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Realigning responses to protracted displacement in an urban world

Lucy Earle

Project flyer, 6 pages

For decades, the response by the international community to mass movements of people fleeing war or political persecution has been to provide humanitarian assistance in camps. Despite highly-charged debates on the negative impact of maintaining people in often remote regions and dependent on humanitarian assistance, camps remain the default response to new displacement crises. Camps are not, however, the choice of the majority of the world’s displaced people, and estimates suggest that over 60% of refugees and at least half of internally displaced persons (IDPs) now live in towns and cities. This research project is the first large-scale study to compare experiences of protracted displacement in cities and camps – where people have been displaced for at least five years.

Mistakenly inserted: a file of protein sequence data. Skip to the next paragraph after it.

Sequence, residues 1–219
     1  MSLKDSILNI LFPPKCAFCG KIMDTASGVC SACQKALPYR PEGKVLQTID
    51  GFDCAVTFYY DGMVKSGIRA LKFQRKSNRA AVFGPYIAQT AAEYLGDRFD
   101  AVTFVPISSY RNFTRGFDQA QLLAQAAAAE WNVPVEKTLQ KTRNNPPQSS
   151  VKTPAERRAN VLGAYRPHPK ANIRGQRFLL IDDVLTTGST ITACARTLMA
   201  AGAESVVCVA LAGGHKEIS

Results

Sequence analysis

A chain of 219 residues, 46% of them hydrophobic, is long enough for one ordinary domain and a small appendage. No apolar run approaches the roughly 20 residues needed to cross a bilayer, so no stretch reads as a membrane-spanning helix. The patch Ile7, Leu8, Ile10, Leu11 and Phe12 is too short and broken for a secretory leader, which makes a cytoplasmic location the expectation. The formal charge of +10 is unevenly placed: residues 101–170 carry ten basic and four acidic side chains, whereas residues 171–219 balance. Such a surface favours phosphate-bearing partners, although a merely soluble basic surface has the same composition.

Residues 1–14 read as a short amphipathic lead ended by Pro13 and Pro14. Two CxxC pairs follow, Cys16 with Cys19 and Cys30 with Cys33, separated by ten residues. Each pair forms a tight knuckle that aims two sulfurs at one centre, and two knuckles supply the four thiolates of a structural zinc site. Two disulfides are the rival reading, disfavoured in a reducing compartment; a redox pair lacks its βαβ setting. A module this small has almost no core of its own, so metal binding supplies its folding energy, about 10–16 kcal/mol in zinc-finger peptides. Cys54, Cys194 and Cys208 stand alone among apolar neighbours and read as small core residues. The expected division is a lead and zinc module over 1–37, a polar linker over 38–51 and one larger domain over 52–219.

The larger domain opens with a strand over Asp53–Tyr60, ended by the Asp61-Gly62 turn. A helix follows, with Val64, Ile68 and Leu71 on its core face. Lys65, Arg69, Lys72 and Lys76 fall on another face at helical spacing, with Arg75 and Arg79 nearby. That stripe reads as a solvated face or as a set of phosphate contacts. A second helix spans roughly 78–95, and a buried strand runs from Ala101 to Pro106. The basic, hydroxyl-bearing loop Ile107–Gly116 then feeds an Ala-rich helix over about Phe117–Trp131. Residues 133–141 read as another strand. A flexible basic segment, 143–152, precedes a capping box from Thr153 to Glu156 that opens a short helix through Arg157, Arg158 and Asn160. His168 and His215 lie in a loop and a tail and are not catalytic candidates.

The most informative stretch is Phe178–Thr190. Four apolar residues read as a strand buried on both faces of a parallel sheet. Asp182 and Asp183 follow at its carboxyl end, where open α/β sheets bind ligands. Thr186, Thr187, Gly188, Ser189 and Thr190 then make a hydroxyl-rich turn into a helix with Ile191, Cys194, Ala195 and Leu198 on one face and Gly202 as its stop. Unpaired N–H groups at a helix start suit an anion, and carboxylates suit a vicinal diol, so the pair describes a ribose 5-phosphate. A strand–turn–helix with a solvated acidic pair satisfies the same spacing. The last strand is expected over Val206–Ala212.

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Project information

IIED is leading a study that will compare the experiences of refugees and internally displaced persons (IDPs) in cities and camps in four countries – Afghanistan, Ethiopia, Jordan and Kenya.

More at www.iied.org:
Responding to protracted displacement in an urban world

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